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  • Provenance

    Koury Wingate Gallery, New York

  • Exhibited

    Tate Liverpool, Mark Wallinger: Credo, 20 October - 23 December 2000

  • Catalogue Essay

    Mark Wallinger's multi-media practice investigates ideas of class, nationalism and social stereotypes, and how history shapes contemporary thinking. Through a kind of social commentary, his work captures the peculiar, often elusive but nonetheless fundamental aspects of British contemporary society.
    The present work, Booty from 1987, addresses the subject of British rule in India and the introduction there of rail transport in the 1850s under the supervision of the East India Company. The curious assemblage of objects comprises an umbrella, a velvet table cloth, a model railway and a hollow elephant foot arranged in a humourous yet poignant tableau and evokes the yoking together of two very different cultures. The use of what were once more familiar household objects is typical of Wallinger's interest in examining the role the domestic plays in the shaping of history and contemporary society.
    "Mark Wallinger's practice maps how these changes shape the society of which he is part. He describes a world where the orders of the past may decaying, but our profound need for symbolic order and a means of making sense remains; made perhaps greater by this slow retreat, and how this finds expressions in our lived experience, our everyday life, and how this desire can conjure up ghosts... He has refused to repeat himself or commodify his expression into productions designed to fulfil the expectations of an audience or marketplace. His work talks about how we might construct meaning in the world that is evolving around us, how we relate to the past that is fading behind us, about loss, about ghosts, and how the future might be imagined."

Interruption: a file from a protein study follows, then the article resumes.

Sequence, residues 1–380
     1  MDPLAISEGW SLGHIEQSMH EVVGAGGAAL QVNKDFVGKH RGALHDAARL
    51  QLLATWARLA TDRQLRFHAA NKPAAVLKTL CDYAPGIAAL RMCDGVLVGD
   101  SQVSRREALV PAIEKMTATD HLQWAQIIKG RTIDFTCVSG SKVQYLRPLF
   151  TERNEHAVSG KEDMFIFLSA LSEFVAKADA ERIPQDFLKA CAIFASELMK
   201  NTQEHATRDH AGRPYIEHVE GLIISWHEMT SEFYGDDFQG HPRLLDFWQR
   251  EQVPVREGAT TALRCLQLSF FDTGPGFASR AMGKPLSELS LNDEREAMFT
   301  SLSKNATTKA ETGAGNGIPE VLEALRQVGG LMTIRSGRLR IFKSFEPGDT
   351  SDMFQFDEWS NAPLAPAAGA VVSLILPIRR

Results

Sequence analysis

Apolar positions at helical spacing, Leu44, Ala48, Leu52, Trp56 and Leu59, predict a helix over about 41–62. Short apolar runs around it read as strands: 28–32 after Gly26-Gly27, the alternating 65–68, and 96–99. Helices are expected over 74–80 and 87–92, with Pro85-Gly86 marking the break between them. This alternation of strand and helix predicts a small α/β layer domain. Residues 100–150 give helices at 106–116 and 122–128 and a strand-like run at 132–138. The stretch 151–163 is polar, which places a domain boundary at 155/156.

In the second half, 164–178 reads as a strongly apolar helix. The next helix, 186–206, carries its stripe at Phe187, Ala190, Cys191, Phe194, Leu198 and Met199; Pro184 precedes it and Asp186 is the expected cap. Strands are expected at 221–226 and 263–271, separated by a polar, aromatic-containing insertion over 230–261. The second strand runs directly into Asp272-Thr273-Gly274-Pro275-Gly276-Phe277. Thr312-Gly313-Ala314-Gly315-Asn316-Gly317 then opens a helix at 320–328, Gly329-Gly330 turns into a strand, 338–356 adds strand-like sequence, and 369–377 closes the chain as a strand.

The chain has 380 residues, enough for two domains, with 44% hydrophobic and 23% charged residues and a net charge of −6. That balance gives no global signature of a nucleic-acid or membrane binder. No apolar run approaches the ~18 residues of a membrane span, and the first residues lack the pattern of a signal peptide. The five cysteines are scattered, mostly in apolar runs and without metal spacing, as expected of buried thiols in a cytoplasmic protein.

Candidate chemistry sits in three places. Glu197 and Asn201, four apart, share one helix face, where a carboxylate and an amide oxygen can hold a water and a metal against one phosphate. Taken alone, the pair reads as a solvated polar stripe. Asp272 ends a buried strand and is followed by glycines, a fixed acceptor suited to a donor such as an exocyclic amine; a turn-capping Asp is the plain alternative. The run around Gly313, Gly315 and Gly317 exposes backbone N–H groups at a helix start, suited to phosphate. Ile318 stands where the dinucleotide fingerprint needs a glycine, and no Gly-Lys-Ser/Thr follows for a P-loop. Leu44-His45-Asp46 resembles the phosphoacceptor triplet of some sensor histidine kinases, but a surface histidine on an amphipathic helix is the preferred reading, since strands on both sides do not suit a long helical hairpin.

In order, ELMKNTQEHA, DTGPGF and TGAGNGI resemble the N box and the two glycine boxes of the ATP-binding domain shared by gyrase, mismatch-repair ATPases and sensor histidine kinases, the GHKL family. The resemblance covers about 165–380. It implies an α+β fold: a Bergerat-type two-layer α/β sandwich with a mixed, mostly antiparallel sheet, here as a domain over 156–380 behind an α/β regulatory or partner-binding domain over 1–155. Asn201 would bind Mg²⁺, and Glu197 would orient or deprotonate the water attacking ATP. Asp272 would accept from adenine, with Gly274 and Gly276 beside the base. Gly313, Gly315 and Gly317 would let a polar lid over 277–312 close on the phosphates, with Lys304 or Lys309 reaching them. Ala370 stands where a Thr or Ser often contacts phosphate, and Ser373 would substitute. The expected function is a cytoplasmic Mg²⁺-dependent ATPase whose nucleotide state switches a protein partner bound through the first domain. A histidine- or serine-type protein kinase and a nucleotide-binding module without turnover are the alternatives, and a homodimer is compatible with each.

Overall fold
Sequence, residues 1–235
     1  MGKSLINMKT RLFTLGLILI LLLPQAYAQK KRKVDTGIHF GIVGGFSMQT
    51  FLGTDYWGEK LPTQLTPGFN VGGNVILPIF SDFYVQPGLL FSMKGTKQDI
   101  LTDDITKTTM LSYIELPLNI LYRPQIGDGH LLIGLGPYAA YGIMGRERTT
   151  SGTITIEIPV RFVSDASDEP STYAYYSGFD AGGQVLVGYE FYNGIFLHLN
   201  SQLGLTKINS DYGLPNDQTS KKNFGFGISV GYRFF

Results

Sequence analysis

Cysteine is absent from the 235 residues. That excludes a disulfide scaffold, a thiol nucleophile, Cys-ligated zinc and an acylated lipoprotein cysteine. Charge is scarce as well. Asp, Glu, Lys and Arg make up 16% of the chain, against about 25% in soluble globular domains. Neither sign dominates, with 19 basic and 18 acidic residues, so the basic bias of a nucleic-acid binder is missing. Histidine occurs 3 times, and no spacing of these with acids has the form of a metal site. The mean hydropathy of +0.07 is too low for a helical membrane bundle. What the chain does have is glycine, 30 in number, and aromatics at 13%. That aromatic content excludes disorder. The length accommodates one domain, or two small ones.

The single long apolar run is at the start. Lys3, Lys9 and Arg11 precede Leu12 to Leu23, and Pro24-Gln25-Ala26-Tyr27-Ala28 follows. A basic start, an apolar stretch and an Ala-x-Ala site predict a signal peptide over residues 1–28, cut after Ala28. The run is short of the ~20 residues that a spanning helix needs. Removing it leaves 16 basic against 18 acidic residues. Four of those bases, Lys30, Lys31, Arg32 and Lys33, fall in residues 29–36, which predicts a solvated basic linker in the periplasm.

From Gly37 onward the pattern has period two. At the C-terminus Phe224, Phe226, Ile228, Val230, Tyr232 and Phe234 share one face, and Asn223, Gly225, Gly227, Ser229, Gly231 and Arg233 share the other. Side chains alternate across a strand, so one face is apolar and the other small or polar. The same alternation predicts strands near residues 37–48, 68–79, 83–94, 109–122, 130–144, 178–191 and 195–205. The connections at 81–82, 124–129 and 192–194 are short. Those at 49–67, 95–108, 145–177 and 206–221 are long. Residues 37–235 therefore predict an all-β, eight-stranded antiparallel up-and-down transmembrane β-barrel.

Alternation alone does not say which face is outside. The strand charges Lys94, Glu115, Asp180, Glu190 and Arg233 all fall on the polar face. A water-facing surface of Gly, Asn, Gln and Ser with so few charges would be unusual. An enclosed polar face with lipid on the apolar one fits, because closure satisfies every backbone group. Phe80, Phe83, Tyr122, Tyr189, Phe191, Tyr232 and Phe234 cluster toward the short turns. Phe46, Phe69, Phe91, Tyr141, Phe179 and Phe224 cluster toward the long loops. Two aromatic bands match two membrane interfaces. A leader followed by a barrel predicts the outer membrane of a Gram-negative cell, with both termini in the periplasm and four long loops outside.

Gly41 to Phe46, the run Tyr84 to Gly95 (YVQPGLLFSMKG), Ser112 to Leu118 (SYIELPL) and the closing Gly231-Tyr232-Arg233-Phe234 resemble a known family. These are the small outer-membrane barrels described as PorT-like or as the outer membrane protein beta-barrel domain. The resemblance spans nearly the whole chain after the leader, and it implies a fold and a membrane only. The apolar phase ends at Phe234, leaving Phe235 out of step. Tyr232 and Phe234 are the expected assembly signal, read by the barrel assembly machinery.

R. Grayson, 'A Number of Disappearances', in Mark Wallinger, Aargauer Kunsthaus, Switzerland, 2008

131

Booty

1987
Umbrella, table, velvet cloth, model railway, elephant foot.
Installation dimensions: 172.8 x 106.7 x 106.7 cm (68 x 42 x 42 in).

Estimate
£60,000 - 80,000 ‡ ♠

Contemporary Art Day Sale

14 October 2010
London